TV Guide also had a feisty politics. Not a coherent politics, since after a few thousand feet of microfiche I’m still trying to sort it all out. The marching orders seem to have leaked from the mouth of Walter Annenberg, a Nixon appointee and minor-league tyrant. Annenberg’s moral compass seems to have reliably pointed in the direction of his political benefactors. Thus, like a good Nixonian, TV Guide maintained a healthy suspicion of Europe (“How De Gaulle Slants French TV Against the U.S.”) and probed network news for liberal bias. Re-reading its “investigations” today, I’m struck by two things. One is how unabashedly personal the muckraking is: TV Guide’s great scoop, a 1982 article exposing CBS’sharsh treatmentofGen. William Westmoreland in a documentary, seems to have materialized directly out of Annenberg’s rolodex. And, second, TV Guide presented the oddest juxtaposition of politics and B-list celebrity since last year’s political conventions. For example, the June 12, 1982, cover story, “Why American TV Is So Vulnerable to Foreign Disinformation,” was preceded one week earlier by the grinning stars of The Love Boat. TV Guide, which Annenbergsold to Rupert Murdoch in 1988, may go down as the only media institution the Aussie magnate has depoliticized.

As TV Guide bloated into a journalistic behemoth, it used its ever-expanding cachet to attract big names. With high freelance rates and a giant audience, the magazine became a favorite pit stop for the slumming intellectual. Would you believe that Margaret Mead and James Michenerpenned articles for TV Guide? Yes? Then how about John Updike and S.J. Perelman? Lewis Mumford and Arthur Schlesinger Jr.? Alfred Kazin and William Saroyan? And, not least, there’s Salvador Dalí, who painted the magazine’s cover on June 8, 1968, and offered his unpasteurized thoughts on the future of the cool medium (“Laser beams … DNA … holograms!”).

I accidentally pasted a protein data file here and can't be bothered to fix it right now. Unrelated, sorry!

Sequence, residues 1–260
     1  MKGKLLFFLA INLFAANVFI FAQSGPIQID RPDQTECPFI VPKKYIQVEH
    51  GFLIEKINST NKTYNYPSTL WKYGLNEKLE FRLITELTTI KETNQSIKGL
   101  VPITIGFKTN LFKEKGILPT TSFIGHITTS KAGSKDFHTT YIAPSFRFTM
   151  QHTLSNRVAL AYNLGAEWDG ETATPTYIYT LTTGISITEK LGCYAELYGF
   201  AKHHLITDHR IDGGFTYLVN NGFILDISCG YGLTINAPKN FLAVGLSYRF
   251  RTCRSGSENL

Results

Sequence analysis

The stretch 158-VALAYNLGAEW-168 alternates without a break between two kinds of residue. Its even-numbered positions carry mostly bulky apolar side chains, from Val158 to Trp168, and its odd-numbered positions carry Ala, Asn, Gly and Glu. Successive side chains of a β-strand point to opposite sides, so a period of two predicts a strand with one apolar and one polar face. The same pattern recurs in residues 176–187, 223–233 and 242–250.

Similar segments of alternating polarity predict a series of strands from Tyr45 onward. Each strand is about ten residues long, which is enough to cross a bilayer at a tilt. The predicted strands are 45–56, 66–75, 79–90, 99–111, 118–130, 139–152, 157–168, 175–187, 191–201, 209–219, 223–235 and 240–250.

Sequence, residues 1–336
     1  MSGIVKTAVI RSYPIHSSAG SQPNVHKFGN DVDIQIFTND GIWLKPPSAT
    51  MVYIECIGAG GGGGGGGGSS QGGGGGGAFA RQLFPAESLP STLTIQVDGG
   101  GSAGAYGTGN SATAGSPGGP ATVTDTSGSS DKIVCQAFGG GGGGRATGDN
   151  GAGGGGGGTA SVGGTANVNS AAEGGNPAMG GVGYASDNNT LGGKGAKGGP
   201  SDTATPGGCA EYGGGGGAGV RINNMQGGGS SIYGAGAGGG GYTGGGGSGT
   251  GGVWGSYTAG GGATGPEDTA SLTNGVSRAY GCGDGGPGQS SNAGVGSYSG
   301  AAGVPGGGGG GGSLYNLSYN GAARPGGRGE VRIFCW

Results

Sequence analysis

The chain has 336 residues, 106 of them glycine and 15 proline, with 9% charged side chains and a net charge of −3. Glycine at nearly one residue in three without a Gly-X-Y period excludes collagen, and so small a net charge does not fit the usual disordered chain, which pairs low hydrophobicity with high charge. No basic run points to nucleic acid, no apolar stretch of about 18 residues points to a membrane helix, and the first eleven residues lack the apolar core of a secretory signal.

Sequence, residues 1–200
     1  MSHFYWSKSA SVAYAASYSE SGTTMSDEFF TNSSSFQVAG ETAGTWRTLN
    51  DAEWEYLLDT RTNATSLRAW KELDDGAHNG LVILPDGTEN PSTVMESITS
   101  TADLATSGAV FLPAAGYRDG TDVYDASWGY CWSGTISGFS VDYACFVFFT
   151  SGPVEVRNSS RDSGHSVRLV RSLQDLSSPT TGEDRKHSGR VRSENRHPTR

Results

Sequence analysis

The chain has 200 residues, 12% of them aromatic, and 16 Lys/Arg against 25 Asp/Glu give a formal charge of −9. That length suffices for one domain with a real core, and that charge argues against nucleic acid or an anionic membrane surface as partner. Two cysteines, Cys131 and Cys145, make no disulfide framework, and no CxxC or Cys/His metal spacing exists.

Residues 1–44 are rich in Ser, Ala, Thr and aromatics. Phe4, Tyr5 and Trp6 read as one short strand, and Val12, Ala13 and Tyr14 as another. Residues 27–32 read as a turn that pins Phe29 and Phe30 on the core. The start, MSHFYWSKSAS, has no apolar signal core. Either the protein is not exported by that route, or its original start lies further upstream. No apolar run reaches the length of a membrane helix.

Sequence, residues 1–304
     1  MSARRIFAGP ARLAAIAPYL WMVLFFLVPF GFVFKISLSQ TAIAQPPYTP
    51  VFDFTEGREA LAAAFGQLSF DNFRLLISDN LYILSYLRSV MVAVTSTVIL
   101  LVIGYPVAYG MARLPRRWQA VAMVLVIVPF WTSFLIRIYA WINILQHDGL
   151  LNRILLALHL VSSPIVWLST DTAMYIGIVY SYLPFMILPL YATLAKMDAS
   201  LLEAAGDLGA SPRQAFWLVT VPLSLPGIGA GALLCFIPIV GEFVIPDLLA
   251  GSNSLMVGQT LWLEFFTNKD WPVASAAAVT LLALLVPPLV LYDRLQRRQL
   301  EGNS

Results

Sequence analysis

Apart from the surrealism that still creeps into the “Letters to the Editor” page, today’s Guide bears faint resemblance to the magazine of old. Murdoch’s stewardship sent it spiraling toward editorial and financial decay, and it will take more than a “revolution” to reverse the tide. What, then, remains of TV Guide’s legacy? For one thing, its volumes represent an unrivaled vault of TV history—an attempt to make the disposable medium slightly less disposable. As historians ponder the meaning of Marcus Welby MD, they will no doubt turn to TV Guide’s yellowing back issues to find out what shows aired and why. If “the Guide” never reaches the encyclopedic status afforded it by the 1993 Seinfeld episode in which Frank Costanza curated his old volumes with Playboy-like reverence, it represents a noble effort all the same.

A more profound legacy arises, perversely, from TV Guide’s mandate to “speak well” of its medium. Perhaps more than any other magazine, TV Guide advanced the idea of television as a serious art form. Early on, some newspapers had refused to cover TV, fearing the competition; on the other end of the spectrum, television was subjected to regular pounding by (in TV Guide’ssnide formulation) “intellectual-type critics … who write for high-flown, low-circulation magazines.” It was in TV Guide’s self-interest, of course, to inflate the artistic accomplishments of the networks. But the judgment of TV Guide’seditors was often right. And, moreover, they slyly elevated television by importing eminences from other media—Updike, Mead, Michener—in an effort to level the cultural playing field, to lend a literary gloss to their unlettered medium.

Case in point: In 1985, Joyce Carol Oatescontributed a gushing tribute to NBC’s series Hill Street Blues. Her contention was not just that Blues was great TV. Her contention was that Blues was great art—”Dickensian in its superb character studies,” and as “intellectually and emotionally provocative as a good book.” It is the kind of praise that is now regularly ladled onto The Sopranos, Deadwood, and other shows. It’s ironic, then, that TV Guide should collapse at just the moment when TV is being taken seriously as art. You could argue that TV Guide had won the argument. Or you could argue that, in its recent years, when it was more interested in turning out Star Trek covers and daffy journalism, we lost interest because TV Guide no longer had anything to say.